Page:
I used a very sinmple wp_query to retrive 10 posts on site with more then 100k posts.

This query run on wp-multi site, same query against small site in same network (same db server) took very few milisec (0.032888 | 0.021731 | 0.020796 | 0.02127)

Main issue is when try to run it on huge site (+100k posts).

The wp_query dump is:


// output
    [post_type] => post
    [posts_per_page] => 10
    [paged] => 
    [orderby] => date
    [order] => DESC
    [meta_query] => Array
            [0] => Array
                    [key] => city
                    [value] => Las Vegas
                    [compare] => =


    [cat] => 2

dump of $wp_query->request:

FROM   wpui_2_posts 
       LEFT JOIN wpui_2_term_relationships 
              ON ( wpui_2_posts.id = wpui_2_term_relationships.object_id ) 
       INNER JOIN wpui_2_postmeta 
               ON ( wpui_2_posts.id = wpui_2_postmeta.post_id ) 
WHERE  1 = 1 
       AND ( wpui_2_term_relationships.term_taxonomy_id IN ( 2 ) ) 
       AND (( wpui_2_postmeta.meta_key = 'city' 
              AND wpui_2_postmeta.meta_value = 'las vegas' )) 
       AND wpui_2_posts.post_type = 'post' 
       AND ( wpui_2_posts.post_status = 'publish' 
              OR wpui_2_posts.post_status = 'private' ) 
GROUP  BY wpui_2_posts.id 
ORDER  BY wpui_2_posts.post_date DESC 
LIMIT  0, 10 

Explain query from MySQL:

ID  select_type table   type    possible_key    key key_len ref rows    Extra
1   SIMPLE  wpui_2_term_relationships   ref PRIMARY,term_taxonomy_id    term_taxonomy_id    8   const   59097   Using index; Using temporary; Using filesort
1   SIMPLE  wpui_2_posts    eq_ref  PRIMARY,type_status_date    PRIMARY 8   wpdb.wpui_2_term_relationships.object_id   1   Using where
1   SIMPLE  wpui_2_postmeta ref post_id,meta_key    post_id 8   wpdb.wpui_2_term_relationships.object_id   3   Using where

this query took very large time (5.715333 | 6.295236 | 5.110536 | 5.138607 | 5.164155)

Current amount of rows

  • wpui_2_posts 209548
  • wpui_2_term_relationships 118156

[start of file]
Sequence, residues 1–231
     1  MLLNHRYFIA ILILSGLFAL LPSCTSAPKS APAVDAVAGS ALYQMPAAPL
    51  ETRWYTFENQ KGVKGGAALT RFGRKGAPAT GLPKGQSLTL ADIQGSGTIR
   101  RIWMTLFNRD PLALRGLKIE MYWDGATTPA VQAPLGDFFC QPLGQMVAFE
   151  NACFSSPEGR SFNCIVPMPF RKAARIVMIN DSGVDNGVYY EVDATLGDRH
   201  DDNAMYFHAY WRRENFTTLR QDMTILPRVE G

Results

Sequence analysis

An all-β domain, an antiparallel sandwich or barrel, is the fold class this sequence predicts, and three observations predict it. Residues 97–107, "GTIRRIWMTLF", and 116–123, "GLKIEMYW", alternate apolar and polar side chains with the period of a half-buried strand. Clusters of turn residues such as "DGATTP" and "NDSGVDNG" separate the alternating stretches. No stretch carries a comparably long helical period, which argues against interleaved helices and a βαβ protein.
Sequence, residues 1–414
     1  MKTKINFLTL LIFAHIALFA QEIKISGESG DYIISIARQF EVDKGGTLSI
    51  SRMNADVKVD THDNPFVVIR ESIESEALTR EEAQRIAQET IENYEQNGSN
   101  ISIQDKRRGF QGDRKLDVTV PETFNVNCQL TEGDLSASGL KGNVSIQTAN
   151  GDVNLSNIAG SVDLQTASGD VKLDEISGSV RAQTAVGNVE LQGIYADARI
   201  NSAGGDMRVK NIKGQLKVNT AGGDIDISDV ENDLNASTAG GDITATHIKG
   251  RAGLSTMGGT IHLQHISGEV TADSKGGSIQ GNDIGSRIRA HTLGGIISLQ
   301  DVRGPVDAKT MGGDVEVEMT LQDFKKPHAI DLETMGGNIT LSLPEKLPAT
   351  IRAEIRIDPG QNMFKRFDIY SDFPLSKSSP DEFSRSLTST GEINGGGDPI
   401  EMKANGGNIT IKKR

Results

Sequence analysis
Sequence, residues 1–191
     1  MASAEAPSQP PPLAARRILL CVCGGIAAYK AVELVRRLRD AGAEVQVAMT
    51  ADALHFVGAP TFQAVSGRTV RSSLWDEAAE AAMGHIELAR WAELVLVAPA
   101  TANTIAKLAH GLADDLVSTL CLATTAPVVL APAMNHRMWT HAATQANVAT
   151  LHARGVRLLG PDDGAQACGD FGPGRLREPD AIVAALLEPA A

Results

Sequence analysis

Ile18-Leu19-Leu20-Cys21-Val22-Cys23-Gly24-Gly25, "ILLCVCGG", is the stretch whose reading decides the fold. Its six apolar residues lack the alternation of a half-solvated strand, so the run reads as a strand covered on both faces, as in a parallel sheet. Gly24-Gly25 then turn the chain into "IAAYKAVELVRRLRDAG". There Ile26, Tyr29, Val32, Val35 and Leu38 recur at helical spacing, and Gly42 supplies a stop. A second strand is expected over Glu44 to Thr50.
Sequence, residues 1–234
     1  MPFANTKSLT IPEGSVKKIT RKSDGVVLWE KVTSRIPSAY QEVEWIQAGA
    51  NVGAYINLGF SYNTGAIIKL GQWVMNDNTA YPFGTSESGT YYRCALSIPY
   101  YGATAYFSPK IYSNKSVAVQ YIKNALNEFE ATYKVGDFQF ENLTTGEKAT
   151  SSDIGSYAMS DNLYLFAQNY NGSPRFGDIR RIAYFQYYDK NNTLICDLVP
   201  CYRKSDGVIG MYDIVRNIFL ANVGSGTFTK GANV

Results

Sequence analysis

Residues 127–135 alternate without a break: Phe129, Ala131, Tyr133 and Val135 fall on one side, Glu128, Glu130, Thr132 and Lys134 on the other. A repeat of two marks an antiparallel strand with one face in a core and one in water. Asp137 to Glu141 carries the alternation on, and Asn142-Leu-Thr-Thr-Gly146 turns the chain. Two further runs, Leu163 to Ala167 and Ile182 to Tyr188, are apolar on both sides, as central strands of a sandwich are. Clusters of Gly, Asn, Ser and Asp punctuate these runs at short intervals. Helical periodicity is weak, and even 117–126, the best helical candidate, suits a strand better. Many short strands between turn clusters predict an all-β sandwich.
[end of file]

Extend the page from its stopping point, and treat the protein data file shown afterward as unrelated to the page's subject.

• wpui_2_postmeta 2087567

Any suggestion is really appreciated

  • 2
    For a query like this you’d probably get better performance if city was a taxonomy and you looked up by ID. – Jacob Peattie Dec 15 '17 at 15:15
  • Meta queries are super, super slow – Tom J Nowell Dec 15 '17 at 15:42

Here's the culprit:

[meta_query] => Array
        [0] => Array
                [key] => city
                [value] => Las Vegas
                [compare] => =


Meta queries are slow, and the only way to speed them up is to not use meta queries.

The post meta table is optimised for fetching key/value pairs where the post ID is already known. That's why get_post_meta is fast.

But for searching and filtering out posts, or finding/searching posts by their meta, the performance is extremely poor. This is by design, so that fetching post meta is fast.

So how do you filter/search/find posts based on their data?


The taxonomy tables are designed for finding posts when you know the a term ID/name. This is how tags and categories are built, and why they're so much faster than meta queries.

The root problem is that your city post meta should have been a custom taxonomy. Moving to a custom taxonomy will improve your query speed by orders of magnitude.


  • If you need to list search query group or filter for posts by information, use a custom taxonomy
  • If you are only using the information when you already have the post, e.g. you're displaying a post, and you don't need to filter/query for that data, use post meta

And don't be afraid to use both or approximations if you have a more complicated value such as a price

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